Here, Γh and Γd are trap heating and dephasing rates, respectively, while Σp represents a sum over motional modes and Σk a sum over ions. Here, , and the Hamiltonian is given by , where the vacuum energy has been set to 0 with a gauge transformation. We have assumed an infinite temperature reservoir for trap heating, a valid model for a randomly fluctuating electromagnetic field11. Fidelity is again calculated using a representative state starting in the motional ground state. We trace out the motional state to calculate the computational fidelity after decoherence has been included in the simulations.
The results of these simulations are shown in Fig. 4. The infidelity calculated under trap heating shows that heating during gate evolution has a dynamical effect on the gate, damaging the phase accumulation required to implement the ideal unitary. The fidelities shown here are lower than that of a gate acting on a hotter initial state, meaning that the decoherence must be affecting the evolution of the gate. This can be understood physically as the heating changing the motional phase space trajectory of the gate. The effect of dephasing is similar to that of trap heating. The physical reasoning behind dephasing affecting the gate is more obvious, as dephasing directly introduces classical uncertainty in the phase of the ions’ internal state, necessarily resulting in a loss of gate fidelity.
We can extend the conclusions drawn from these results to larger traps. If phonon absorption significantly damages the gate, we must work in a regime where a phonon absorption is quite unlikely during any operation. For a 50 ms simulation, this means that the heating rate is limited to approximately 10 s−1. This would correspond to an absorption probability of 0.39 during the simulation, suggesting a simulation fidelity of 61% in the absence of other errors. Current traps are typically capable of heating rates of this order of magnitude46,47,48, with heating rates as low as 0.33 s−1 demonstrated with cryogenic traps49.
Effect of higher-order terms in Coulomb interaction
We also considered the effect of the anharmonicity of the Coulomb interaction on the fidelity of fast gates. Typically, the Coulomb interaction is truncated at second order when treating the motion of ions in a linear trap, in order to allow representation of the ions’ motional states in terms of harmonic normal modes. This greatly simplifies calculations and was critical in enabling computationally efficient numerical searches for high-fidelity fast gates, but it is possible that this approximation neglects significant contributions from higher-order terms in the interaction. This is especially true because fast gates couple much more strongly to the motion than other gate techniques, enabling their higher speed.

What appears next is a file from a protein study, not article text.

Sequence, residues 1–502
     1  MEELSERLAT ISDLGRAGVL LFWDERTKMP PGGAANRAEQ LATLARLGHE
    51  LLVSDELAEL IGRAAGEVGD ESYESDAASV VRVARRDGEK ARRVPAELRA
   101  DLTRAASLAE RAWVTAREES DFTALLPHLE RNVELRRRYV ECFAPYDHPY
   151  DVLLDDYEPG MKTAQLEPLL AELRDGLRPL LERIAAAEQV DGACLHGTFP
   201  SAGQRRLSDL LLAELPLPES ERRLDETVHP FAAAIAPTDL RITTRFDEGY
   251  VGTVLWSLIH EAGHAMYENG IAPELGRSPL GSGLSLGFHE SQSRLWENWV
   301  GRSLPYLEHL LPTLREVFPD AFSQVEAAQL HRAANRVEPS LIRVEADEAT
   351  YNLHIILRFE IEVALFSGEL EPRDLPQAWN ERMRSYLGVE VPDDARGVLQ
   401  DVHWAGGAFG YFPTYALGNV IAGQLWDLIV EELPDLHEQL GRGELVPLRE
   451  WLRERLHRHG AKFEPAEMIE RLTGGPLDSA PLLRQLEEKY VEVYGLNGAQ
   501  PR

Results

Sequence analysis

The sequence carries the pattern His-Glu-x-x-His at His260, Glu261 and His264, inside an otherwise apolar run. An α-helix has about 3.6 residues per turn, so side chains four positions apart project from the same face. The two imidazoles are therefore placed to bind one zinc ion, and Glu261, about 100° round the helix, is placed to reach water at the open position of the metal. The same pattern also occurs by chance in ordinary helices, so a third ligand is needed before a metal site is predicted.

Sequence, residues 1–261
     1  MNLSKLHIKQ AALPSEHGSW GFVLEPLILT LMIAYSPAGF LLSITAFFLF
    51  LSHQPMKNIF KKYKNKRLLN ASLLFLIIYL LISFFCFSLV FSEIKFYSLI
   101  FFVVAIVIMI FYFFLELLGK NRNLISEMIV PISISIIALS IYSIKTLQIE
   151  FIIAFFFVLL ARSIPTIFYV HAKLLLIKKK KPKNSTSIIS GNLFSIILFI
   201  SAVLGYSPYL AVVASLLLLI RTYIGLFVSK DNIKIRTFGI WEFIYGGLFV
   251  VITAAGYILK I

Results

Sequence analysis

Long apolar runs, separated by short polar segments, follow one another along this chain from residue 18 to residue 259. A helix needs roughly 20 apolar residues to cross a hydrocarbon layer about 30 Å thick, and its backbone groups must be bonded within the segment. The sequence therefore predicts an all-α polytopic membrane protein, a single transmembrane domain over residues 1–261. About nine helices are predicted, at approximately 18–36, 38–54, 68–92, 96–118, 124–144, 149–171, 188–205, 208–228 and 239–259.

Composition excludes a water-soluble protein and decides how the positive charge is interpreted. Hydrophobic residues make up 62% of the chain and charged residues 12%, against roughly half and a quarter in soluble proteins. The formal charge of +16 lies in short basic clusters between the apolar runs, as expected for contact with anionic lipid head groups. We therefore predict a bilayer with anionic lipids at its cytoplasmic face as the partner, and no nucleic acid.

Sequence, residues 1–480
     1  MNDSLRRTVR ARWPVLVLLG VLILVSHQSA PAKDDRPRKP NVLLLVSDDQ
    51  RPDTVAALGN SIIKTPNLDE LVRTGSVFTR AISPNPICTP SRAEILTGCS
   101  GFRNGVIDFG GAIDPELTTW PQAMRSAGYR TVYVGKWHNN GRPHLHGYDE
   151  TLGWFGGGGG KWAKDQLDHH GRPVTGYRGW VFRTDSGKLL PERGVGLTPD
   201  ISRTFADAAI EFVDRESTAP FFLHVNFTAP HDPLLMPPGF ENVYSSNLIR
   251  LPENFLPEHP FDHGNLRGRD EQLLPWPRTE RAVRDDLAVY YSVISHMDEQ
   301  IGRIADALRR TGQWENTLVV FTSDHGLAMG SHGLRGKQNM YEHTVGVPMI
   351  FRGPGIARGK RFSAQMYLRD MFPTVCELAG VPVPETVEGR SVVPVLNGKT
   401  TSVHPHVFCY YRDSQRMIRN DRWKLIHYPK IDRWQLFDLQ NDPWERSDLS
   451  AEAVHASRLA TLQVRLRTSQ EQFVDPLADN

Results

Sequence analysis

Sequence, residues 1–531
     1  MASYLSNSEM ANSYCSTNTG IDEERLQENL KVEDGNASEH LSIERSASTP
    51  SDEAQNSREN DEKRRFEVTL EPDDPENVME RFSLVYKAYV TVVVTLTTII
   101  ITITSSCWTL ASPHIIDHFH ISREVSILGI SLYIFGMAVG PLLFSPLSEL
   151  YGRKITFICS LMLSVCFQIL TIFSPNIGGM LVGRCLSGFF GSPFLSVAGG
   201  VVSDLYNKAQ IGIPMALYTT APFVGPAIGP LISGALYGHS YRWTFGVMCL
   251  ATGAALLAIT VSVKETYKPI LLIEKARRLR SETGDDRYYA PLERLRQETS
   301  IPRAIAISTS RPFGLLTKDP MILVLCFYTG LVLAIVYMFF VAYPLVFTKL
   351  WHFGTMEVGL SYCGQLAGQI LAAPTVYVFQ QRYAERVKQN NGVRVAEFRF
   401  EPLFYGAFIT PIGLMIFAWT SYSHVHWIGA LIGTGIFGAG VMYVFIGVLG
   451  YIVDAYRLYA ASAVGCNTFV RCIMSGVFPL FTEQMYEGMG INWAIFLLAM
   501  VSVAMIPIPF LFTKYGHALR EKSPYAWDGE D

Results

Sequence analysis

To confirm the usefulness of gate schemes found using the harmonic approximation, we performed a full simulation of the dynamics of a two-ion trap during an n = 50 fast gate using XMDS50, including the full Coulomb interaction. Trap specifications were the same as those used in the rest of this work. Fidelity computed from this simulation was identical to the fidelity of the same gate when truncating the interaction to second order, up to numerical precision of the simulation (approximately 10−6). This confirms that anharmonicity of the interaction has no appreciable effect on fast gates in the momentum ranges suggested in this work.
Fast gates have been proposed as a superior two-qubit gate for trapped ion quantum information processing, being much faster than existing gates and robust to many sources of error. In this work, we have analysed the potential for fast gates to implement useful digital quantum simulations, enough to outperform a classical computer. We have also studied the limits on experimental setups to successfully implement high-fidelity operations using fast gates. High-performing gates require rotational fidelities on the order of 10−6 and decoherence rates below 10 s−1. If these requirements are satisfied, it appears that fast gates can significantly outperform MS gates in terms of gate time, and can be implemented with very high fidelity if high-repetition-rate lasers are available32,39,51,52,53,54. Therefore, fast gates hold significant promise for the future of trapped ion quantum simulation and quantum information processing.
How to cite this article: Taylor, R. L. et al. A Study on Fast Gates for Large-Scale Quantum Simulation with Trapped Ions. Sci. Rep. 7, 46197; doi: 10.1038/srep46197 (2017).
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We acknowledge support from Spanish MINECO/FEDER FIS2012-36673-C03-02 and FIS2015-69983-P; Ramón y Cajal Grant RYC-2012-11391; UPV/EHU Project EHUA14/04, UPV/EHU UFI 11/55 and a UPV/EHU PhD grant, Basque Government IT472-10 and IT986-16; PROMISCE, and SCALEQIT EU projects. We also acknowledge support from the Australian Research Council Centre of Excellence for Quantum Computation and Communication Technology (CE110001027) and the Australian Research Council Future Fellowship (FT120100291) as well as DP130101613.